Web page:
Moving? How to Help Your Child Adjust

Moving is an exciting and stressful time for everyone. If you’re moving soon, here are some ways you can help your child cope and handle the transition.

Before the move

  • Discuss the move with your child. Keeping your child informed is key in helping them adjust. Be honest and answer their questions as truthfully as possible. Younger children such as toddlers and preschoolers may need more help understanding the concept than older children, so consider using toys or books to help you explain.
  • Reassure your child that while things will be different, certain important things will remain the same, such as the daycare or school they go to, their favorite playground, their bed, or even simply that the family will be together as always.
  • Look for ways to give your child some small measures of control and ownership. These can include putting them in charge of packing their own books, or letting them choose the paint color for their new room.
  • Try using an art project as a way to help your child sort through their feelings. For example, they can paint a picture of your current home, or make a scrapbook of their favorite memories.
  • If your new home is vacant, take your child to visit, and let them explore and get to know their new neighborhood.
  • If possible, avoid other major changes around the time of the move such as toilet training.
  • Be patient with your child as they work through their emotions about moving. There may be setbacks and difficult days both before and after the move.

After the move

  • Unpack important and comforting items first, such as your child’s favorite toys, pictures, bedding, or books. These familiar objects will help make your new home feel more familiar to your child.
  • Maintain as regular a routine as possible, whether it’s the morning breakfast routine or the bedtime story routine. Consistent routines are highly beneficial to children, especially during otherwise unsettled times.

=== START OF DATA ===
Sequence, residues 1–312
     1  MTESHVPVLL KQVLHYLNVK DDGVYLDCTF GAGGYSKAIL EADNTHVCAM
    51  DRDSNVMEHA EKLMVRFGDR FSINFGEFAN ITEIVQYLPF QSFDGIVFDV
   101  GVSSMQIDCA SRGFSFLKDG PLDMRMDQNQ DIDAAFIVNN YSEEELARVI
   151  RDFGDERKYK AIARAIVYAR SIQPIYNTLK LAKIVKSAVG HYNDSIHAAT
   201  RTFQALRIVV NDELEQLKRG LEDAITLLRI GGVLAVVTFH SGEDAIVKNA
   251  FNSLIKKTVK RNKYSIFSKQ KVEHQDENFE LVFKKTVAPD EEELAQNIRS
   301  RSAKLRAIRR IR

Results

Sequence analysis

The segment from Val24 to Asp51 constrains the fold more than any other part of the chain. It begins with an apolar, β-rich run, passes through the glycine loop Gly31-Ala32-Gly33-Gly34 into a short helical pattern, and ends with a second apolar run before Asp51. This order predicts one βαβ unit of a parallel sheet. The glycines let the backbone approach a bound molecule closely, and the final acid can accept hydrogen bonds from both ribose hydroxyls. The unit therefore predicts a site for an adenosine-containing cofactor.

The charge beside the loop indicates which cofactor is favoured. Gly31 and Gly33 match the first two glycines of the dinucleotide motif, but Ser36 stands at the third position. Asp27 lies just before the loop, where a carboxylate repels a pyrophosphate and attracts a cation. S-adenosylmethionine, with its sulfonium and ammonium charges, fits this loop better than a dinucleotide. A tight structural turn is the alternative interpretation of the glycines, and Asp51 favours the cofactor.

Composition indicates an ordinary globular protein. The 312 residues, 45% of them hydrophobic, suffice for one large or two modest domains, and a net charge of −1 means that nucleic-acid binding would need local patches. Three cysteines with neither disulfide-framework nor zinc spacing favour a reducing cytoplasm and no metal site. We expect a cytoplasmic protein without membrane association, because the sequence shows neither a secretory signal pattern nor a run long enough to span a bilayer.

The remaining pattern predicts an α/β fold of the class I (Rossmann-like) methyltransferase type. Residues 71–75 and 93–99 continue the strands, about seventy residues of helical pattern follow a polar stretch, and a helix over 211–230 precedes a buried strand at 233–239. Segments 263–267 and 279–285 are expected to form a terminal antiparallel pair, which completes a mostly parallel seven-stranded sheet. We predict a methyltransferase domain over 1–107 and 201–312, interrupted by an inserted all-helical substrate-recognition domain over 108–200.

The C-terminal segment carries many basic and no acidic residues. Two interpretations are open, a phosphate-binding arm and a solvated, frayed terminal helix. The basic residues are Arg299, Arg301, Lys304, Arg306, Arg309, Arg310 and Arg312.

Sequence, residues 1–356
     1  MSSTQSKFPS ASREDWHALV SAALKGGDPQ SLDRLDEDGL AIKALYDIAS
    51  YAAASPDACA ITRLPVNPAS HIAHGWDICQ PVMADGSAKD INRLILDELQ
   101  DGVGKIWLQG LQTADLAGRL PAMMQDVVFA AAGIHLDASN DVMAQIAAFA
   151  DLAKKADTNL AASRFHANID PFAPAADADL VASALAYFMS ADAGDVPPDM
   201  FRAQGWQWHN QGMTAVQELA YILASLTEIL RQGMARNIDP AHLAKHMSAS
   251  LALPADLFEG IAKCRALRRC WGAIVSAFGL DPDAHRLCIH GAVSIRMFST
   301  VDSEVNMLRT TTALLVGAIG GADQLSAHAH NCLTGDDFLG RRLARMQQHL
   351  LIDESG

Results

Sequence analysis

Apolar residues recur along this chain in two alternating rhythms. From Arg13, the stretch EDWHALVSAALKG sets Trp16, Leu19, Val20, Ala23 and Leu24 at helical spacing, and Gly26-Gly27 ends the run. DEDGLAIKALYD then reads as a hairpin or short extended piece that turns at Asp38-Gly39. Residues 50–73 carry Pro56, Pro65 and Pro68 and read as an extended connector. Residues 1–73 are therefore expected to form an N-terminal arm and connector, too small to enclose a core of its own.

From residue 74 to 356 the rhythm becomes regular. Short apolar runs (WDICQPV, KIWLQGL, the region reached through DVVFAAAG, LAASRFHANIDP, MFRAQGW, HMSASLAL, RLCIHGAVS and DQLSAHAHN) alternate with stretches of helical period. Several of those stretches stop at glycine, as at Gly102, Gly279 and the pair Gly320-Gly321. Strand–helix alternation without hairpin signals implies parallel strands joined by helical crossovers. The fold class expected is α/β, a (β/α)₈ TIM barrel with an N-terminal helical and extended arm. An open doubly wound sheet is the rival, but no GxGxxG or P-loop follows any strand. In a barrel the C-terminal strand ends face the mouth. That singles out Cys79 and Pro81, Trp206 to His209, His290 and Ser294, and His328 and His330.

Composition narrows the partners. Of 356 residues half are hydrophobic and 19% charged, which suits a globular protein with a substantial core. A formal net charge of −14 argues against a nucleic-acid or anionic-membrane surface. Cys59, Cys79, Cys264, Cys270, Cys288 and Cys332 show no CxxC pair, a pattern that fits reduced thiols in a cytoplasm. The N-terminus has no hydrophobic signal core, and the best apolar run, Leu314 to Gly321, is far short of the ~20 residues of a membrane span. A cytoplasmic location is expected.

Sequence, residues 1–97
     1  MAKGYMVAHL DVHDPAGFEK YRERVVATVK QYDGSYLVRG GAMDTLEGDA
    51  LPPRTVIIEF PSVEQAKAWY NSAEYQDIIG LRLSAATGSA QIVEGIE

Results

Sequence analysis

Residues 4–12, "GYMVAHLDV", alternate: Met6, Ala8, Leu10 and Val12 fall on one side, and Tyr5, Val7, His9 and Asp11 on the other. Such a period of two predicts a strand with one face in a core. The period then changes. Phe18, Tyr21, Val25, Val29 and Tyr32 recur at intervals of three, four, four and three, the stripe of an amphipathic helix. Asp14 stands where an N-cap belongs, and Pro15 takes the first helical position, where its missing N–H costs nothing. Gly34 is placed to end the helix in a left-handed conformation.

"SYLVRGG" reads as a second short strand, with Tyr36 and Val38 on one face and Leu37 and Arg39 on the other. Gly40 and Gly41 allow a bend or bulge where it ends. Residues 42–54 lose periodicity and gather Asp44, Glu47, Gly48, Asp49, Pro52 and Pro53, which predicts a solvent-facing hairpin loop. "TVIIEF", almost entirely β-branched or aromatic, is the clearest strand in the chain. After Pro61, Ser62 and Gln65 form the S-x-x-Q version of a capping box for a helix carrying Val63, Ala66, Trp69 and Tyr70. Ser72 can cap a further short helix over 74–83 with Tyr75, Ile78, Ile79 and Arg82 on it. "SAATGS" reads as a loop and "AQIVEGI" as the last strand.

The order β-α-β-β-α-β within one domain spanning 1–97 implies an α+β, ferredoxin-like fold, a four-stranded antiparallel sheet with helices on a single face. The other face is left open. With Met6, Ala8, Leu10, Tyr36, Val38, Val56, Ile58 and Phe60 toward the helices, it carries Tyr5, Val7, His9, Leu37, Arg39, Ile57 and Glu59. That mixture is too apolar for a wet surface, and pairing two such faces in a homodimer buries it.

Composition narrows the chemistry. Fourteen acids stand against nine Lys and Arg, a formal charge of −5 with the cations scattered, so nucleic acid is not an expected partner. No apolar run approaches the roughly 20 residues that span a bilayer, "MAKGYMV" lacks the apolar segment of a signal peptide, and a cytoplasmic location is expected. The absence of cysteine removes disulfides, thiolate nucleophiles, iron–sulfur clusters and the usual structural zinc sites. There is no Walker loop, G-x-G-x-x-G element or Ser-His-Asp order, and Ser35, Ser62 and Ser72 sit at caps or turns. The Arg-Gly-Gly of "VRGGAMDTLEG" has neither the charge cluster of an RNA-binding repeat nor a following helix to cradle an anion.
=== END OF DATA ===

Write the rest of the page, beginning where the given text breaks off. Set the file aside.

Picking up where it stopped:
• If your new home is farther away from your child’s friends, encourage them to keep in touch as often as possible, whether that’s regular video chats or weekly play dates.
  • Additionally, helping your child make friends in their new neighborhood or school can help them to feel less alone as well. Consider extracurricular activities or neighborhood family events.
  • Model positive behavior. While staying patient and respectful of your child’s feelings, let them see you keeping an open mind about the new house and new neighborhood, and bring them with you on walks or errands around town. If your child sees that you are feeling positive about the move, they will feel more confident about it as well.
  • Ask your child’s preschool teacher for assistance, whether or not they have changed schools. Their teacher can offer useful advice on how children can better handle a new move, and will know some local resources that may help.

Adjusting to a new move is difficult for a child, but with these tips, you can help to make the transition easier. See your pediatrician if things such as tantrums, trouble sleeping, or changes in appetite last longer than a few months, or are disruptive to your child’s daily life.